We learn a bit more about Shiban and Torghun, and also start to get a glimpse of a rift between Terran-born White Scars and Chogorian-born Astartes. Torghun, for example, is a member of a Lodge (which haven’t featured much in recent HH fiction), which is made up exclusively of Terran-born Astartes. I have a feeling that the rift within the Legion is going to be borne of these hostilities. It’ll be an interest addition to the canon, too – despite their obviously aggressive, homicidal approach to non-humans, none of the Heresy (or WH40k) fiction has dealt with human racial tension. If handled well, this could be very interesting indeed.
The second episode also gives us more idea of the time-period for the novel – the Space Wolves have already burned Prospero (the events of McNeill’s excellent A Thousand Sons and Abnett’s Prospero Burns), and also after the Isstvan Dropsite Massacre. The final portion of this part focuses on the Space Wolves, who are chaffing at having been sent away to discipline Magnus’s Legion – thereby ensuring their absence from Isstvan, which in turn likely helped sway the conflict in favour of the traitors. Their task also prevented them from coming to the aid of their now-fallen brother Legions. Then, while preparations are underway for the Legion return to Terra, an Alpha Legion fleet appears out of the warp...
One of the most interesting scenes is at the start of Episode III. It is set in the Observatory of the Imperial Palace on Terra. Malcador the Sigillite, Primarch Rogal Dorn and Commander Valdor of the Legio Custodes are discussing the state of the galaxy and the newly-erupted Civil War. Through their discussion, we learn just how thin information is.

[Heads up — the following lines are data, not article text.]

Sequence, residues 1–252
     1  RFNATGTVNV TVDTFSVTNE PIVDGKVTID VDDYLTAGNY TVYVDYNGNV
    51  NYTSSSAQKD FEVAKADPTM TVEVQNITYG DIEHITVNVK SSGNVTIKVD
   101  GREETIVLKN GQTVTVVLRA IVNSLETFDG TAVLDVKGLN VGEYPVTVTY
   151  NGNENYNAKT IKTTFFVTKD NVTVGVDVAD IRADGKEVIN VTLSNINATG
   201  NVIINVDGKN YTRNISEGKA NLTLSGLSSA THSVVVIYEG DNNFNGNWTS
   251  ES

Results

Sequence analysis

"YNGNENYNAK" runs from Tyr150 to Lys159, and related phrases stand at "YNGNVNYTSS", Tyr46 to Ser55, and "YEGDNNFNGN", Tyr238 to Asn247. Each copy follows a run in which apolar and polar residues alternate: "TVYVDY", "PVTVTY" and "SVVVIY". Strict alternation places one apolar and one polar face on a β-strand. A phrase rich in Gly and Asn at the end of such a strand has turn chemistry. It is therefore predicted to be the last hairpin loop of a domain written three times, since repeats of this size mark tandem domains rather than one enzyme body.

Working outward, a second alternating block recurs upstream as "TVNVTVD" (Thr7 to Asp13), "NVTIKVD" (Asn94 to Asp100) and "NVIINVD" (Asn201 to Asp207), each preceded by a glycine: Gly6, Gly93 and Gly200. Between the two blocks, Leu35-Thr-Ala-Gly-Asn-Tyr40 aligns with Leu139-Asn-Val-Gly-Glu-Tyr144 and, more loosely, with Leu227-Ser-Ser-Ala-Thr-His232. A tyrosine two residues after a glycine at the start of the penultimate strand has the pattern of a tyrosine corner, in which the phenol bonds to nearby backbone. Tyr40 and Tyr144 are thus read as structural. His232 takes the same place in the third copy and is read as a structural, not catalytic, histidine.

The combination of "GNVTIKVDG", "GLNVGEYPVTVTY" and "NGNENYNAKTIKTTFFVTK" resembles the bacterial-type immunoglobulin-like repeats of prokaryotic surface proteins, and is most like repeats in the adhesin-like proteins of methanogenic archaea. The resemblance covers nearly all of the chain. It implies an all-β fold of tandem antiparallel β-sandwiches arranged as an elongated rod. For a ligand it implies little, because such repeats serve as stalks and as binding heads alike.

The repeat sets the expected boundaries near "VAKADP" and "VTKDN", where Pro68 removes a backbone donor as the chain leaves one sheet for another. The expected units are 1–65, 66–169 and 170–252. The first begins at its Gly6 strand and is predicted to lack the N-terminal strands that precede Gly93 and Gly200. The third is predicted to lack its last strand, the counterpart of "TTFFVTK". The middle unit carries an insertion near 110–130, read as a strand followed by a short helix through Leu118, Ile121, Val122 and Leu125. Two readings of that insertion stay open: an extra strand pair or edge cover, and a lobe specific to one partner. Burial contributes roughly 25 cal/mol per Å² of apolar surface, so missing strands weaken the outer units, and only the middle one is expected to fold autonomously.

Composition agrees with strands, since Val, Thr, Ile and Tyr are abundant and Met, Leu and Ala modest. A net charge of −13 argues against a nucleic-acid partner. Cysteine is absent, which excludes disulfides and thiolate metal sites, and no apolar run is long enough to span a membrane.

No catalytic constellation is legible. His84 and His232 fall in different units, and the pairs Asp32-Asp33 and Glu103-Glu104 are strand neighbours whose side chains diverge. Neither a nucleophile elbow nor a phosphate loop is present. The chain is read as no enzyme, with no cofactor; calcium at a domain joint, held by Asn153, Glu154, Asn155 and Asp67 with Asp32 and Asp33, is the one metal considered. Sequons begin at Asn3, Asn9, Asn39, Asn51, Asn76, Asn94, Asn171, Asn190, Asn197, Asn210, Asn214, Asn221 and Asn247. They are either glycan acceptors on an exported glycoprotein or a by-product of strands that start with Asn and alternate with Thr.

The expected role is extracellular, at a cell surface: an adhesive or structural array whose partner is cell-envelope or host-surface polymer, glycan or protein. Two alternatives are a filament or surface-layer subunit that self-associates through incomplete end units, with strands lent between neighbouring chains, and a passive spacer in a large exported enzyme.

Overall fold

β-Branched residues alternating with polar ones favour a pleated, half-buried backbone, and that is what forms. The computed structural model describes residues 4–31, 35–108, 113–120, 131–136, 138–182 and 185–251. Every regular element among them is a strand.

“I never asked you how it felt, Constantin, to see Prospero burn. Did even your callous soul blanch at that?”
Valdor didn’t miss a beat. “No. It was necessary.”
“Was it?” sighed Malcador. “I did not give the order. I wanted Magnus censured, not destroyed. What was it that made Russ do it? You never could give me an answer.”
Dorn exhaled impatiently. “You know all of this, Malcador. You know all that happened there, just as we do.” He was coldly furious. “Does this need repeating? The Warmaster is at the heart of it, poisoning everything we do, and now he has the blood of three more Legions on his hands.”
This chapter expands once again our understanding of the rivalries and loyalties between the Primarchs. It also re-iterates the strange, almost lonely position of the Khan. The Khan was only really close to two of his brothers: Horus and Magnus. Naturally, this produces some concern among the leaders of the Imperium. As Valdor states, “So there it is. The Khan’s known allies, Horus and Magnus, traitors both.”
As with the aforementioned novels by McNeill and Abnett, Wraight ties in the treason to the events at Nikaea, when the Emperor decreed that all Legions must disband their psychic corps (the Librarians, etc.). As Malcador laments,